75% Chronic (2016) "Chronic" dramatizes the caregiver's paradoxical relationships to his charges with an acuity that can make it almost unbearable to watch.‐ New York Times
Read More | Posted Sep 22, 2016
50% The Free World (2016) A movie that abruptly changes direction as it goes along while taking shortcuts that leave its characters underdeveloped and crucial plot elements barely fleshed out.‐ New York Times
Read More | Posted Sep 22, 2016
89% Miss Stevens (2016) Ms. Rabe's beautifully balanced performance reminds you that people never really grow up.‐ New York Times
Read More | Posted Sep 15, 2016
76% Bridget Jones's Baby (2016) Despite an abundance of mostly tepid jokes that keeps the comedic tone at a quiet simmer, "Bridget Jones's Baby" doesn't jell.‐ New York Times
Read More | Posted Sep 14, 2016
100% As I Open My Eyes (À peine j'ouvre les yeux) (2016) "As I Open My Eyes" is best when it observes the fraught but loving mother-daughter relationship between Hayet and Farah.‐ New York Times
Read More | Posted Sep 8, 2016
84% Kicks (2016) The characters have enough dimension to avoid appearing to be symbols of a social tragedy, and the movie's relative gentleness makes the harsher realities of Brandon's world all the more distressing.‐ New York Times
Read More | Posted Sep 8, 2016
71% White Girl (2016) We're all familiar with the term contact high, but not with its antithesis. Because it is so believable, "White Girl" is a contact bummer that's hard to shake.‐ New York Times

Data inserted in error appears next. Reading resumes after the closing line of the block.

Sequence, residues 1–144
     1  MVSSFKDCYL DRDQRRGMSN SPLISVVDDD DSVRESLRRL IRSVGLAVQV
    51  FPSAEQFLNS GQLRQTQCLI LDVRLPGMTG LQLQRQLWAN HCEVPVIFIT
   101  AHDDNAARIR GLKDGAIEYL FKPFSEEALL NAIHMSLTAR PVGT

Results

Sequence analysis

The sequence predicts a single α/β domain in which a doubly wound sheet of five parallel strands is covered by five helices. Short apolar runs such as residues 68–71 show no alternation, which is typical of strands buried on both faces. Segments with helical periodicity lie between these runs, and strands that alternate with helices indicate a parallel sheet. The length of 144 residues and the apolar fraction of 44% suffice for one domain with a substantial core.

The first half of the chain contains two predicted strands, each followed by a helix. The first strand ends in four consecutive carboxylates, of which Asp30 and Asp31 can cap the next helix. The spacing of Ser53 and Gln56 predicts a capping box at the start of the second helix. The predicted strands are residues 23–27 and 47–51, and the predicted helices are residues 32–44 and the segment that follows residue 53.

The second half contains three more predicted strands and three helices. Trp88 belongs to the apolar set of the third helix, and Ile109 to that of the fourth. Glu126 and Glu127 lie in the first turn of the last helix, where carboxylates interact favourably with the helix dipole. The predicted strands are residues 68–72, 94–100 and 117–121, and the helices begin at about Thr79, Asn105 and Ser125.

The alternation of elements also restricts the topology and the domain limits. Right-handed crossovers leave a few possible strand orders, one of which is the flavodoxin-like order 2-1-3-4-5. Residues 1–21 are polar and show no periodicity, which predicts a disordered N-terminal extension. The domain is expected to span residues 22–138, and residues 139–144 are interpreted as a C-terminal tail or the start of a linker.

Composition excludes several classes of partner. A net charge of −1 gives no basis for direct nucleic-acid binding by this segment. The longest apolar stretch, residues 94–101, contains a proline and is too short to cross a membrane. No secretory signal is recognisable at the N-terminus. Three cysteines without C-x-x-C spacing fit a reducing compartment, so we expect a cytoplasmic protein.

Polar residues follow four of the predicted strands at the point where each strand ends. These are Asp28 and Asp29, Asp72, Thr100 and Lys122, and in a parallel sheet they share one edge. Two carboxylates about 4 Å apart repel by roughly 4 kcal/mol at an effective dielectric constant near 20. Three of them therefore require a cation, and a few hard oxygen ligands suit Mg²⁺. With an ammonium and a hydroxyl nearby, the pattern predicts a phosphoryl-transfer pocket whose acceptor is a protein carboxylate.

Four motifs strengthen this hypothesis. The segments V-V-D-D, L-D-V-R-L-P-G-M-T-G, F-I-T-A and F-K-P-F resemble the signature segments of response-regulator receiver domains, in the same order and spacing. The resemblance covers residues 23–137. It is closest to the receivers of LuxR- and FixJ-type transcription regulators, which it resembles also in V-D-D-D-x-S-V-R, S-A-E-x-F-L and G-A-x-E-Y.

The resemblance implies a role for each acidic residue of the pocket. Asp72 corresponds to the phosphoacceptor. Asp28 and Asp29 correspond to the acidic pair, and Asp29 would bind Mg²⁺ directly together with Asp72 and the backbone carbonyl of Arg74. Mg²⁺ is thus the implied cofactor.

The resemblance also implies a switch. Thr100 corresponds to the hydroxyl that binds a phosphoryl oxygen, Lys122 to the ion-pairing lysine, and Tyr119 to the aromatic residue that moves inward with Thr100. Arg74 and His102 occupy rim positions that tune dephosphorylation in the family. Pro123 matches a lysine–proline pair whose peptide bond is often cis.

Read More | Posted Sep 1, 2016
59% The Light Between Oceans (2016) The film's solemn visual rhythms exert an almost hypnotic spell that for a time gives a heroic dimension to a story as emotionally fraught as a vintage Bette Davis melodrama.‐ New York Times
Read More | Posted Sep 1, 2016
90% Fatima (2016) A small miracle of a film from the French director Philippe Faucon.‐ New York Times
Read More | Posted Aug 25, 2016
80% Kate Plays Christine (2016) Muses intriguingly about the boundaries between actors playing themselves and fictional characters in front of a camera.‐ New York Times
Read More | Posted Aug 23, 2016
25% Ben-Hur (2016) It needed a star like the Russell Crowe of "Gladiator" to provide dramatic heft. What is "Ben-Hur" without a platform of moral grandeur? Not much.‐ New York Times
Read More | Posted Aug 18, 2016
95% Spa Night (2016) It would be easy to categorize this cool, exquisitely observant first feature by the Korean-American filmmaker Andrew Ahn as a gay movie. But it is much more.‐ New York Times
Read More | Posted Aug 18, 2016
93% The Little Prince (2016) "The Little Prince" is really a movie within a movie; the author's delicate, fanciful story is folded into a harsh, modernist commentary on depersonalization and conformity in the contemporary workplace.‐ New York Times
Read More | Posted Aug 4, 2016